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Very interesting and though-provoking. I bought the hardback copy after listening to this audiobook just so I could refer to it occasionally and look at his sources.
After reading books by former GRU spy and Spetsnaz man Victor Suvorov, then this, it puts a new perspective on the war.
2 of 3 people found this review helpful
The theme of this book is that Stalin was able to re-write WW2 because he was the victor, and because statistics from the Soviets were unchallenged.
The book argues that lots of what we know about the Eastern Front is false. The Author explains why that might be and supports the counter view with compelling statistics however a couple of details were annoyingly wrong: Model did not die on the Eastern Front, it was on the West, and Spandau jail is in Berlin, so it was not the jail where Hess spent WW2.
Understandably those mistakes made me question the authors other assertions.
My thoughts while listening to this is that any one of the revisionist points, such as the new way of looking at the battle of Kursk, could be an excellent book by itself.
Any additional comments?
Any book on the subject of the Eastern Front of WWII is welcome. It's a part of WWII that for my generation (graduated college during the Cold War) was mostly ignored in history class. Yet it was the largest and deadliest theater of the war. However, Mosier's tone and pet phrases such as "You would think...but you'd be wrong", "Contrary to conventional wisdom..." gets more and more grating with each chapter.
Despite his insistence that he is speaking the truth against the official accepted history, much of his view of the Eastern Front is not unique or shocking. His scrutiny of evidence from the belligerents is biased to support his thesis (that the Germans were much closer to victory in the East, and that it was the Allied offensive in the West that compelled Germany to retreat in the East to better defend the West). Official Soviet numbers (from casualties to weapons production et al) are laboriously explained away as propaganda, but rarely is the same level of examination given to Nazi numbers. In fact, to support his contrarian view that German troops were not demoralized during their retreat Mosier refers to photos of happy German soldiers from that period. He insists without proof that they were candid and not staged, and somehow a handful of photos is a clear indicator of overall sangfroid up and down the German lines as they marched backwards through Poland.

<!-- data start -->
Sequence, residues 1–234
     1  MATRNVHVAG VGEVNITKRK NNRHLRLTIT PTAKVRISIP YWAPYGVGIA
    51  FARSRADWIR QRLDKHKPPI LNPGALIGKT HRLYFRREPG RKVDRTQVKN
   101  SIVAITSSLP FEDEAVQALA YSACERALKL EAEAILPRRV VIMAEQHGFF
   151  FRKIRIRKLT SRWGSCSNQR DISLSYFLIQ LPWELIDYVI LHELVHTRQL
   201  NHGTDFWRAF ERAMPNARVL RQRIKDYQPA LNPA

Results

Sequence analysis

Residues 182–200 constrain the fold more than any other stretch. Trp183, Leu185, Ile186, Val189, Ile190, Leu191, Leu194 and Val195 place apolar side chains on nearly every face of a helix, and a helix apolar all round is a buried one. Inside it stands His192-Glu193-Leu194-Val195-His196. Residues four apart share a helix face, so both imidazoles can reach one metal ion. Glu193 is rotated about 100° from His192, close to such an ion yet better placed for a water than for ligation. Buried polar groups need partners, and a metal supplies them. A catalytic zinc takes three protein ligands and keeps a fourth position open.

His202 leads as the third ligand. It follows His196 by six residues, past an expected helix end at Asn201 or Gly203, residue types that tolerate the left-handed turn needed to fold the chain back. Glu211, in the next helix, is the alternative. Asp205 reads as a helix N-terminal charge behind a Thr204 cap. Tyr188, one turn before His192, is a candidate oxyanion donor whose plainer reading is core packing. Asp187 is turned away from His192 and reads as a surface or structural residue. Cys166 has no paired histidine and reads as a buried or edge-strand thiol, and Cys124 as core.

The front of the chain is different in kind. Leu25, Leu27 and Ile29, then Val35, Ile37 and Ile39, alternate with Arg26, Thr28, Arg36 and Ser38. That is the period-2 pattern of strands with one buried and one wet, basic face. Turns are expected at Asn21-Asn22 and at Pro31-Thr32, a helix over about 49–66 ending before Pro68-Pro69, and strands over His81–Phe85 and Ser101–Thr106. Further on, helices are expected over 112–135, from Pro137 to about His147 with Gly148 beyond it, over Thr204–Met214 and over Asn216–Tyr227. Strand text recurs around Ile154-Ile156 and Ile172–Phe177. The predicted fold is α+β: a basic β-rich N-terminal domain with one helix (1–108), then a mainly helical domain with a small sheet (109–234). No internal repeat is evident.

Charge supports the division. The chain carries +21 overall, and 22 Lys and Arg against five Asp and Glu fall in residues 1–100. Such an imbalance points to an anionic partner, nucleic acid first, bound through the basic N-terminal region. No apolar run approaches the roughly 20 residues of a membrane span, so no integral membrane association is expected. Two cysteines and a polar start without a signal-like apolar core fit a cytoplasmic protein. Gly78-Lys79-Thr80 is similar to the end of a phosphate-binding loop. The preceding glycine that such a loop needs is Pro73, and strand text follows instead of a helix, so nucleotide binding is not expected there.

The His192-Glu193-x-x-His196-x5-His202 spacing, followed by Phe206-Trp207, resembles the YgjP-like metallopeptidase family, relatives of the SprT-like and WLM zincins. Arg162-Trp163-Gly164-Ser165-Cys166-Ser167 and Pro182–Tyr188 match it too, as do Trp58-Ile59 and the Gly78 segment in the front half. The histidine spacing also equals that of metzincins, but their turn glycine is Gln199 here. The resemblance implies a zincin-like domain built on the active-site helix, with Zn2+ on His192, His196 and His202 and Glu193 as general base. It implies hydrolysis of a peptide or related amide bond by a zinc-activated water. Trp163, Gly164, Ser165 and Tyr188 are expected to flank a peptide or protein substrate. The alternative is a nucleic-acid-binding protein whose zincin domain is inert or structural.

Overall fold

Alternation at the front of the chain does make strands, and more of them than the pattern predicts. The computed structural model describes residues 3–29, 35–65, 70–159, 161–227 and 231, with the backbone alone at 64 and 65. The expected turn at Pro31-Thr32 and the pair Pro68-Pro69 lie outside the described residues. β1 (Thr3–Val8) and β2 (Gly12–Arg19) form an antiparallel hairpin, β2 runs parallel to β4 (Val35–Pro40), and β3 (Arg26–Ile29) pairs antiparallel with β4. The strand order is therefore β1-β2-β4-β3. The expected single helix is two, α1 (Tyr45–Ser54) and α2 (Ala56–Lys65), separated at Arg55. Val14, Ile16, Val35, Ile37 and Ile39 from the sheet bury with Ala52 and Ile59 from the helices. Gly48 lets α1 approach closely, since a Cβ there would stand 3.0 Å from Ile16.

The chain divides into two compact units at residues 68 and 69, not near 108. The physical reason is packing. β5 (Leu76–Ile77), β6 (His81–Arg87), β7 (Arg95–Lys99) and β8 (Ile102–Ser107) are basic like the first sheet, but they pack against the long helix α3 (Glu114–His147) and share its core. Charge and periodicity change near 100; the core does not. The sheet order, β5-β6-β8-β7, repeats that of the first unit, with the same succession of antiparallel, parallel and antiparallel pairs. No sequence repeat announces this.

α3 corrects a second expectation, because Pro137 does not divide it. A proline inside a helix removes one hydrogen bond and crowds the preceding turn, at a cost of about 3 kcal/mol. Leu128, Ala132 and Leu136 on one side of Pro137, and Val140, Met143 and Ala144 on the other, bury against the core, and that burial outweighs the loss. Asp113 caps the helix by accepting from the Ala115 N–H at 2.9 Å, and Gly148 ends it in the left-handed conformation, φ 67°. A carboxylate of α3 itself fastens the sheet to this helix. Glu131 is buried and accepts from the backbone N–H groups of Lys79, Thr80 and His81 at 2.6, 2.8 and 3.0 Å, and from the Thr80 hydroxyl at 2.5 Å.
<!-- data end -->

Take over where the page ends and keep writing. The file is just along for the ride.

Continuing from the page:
Overall, I can't recommend this book. However, I will give Mosier credit for his insights at the end of Deathride. No single book could sum up what a tragedy the War was for the people of Eastern Europe, but Mosier's overview of the staggering human costs can be felt as it is read. His summary of the post-war consequences of Stalin is apt and thoughtful, too. The Soviet Union never recovered from the incalculable death and damage or the War, and Stalin's incompetence and ruinous policies that beat the Nazis led to the eventual collapse of the Soviet Union.
8 of 8 people found this review helpful
This book finally addresses the nagging logical questions that any amateur eastern front historian has been too embarrassed to ask. First – would the fall of Moscow really been the end to Soviet resistance? John Mosier answer is clear, logical and I my opinion correct. The Soviets would not have simply given up if Panzers were parked in the Kremlin. He also correctly asserts that Hitler’s decision to not take Moscow off the march in August/September was the strategically correct one based on the larger economic considerations and military dispositions of the Soviet Armed Forces at the time. He ties the failure to finish off the Soviets at that time was the lack of a strategic bomber in the Luftwaffe. He believes that the possession of such a weapon would have enabled the Germans to destroy the relocated factories in the Urals and any reinforcements being gathered around Moscow or Don/ Volga basin (Stalingrad). He also believes that the lack of this weapon was the reason for the loss of the Battle of Britain and probably the war. If Britain had been knocked out the US would have no realistic location to base a continental invasion.
22 of 24 people found this review helpful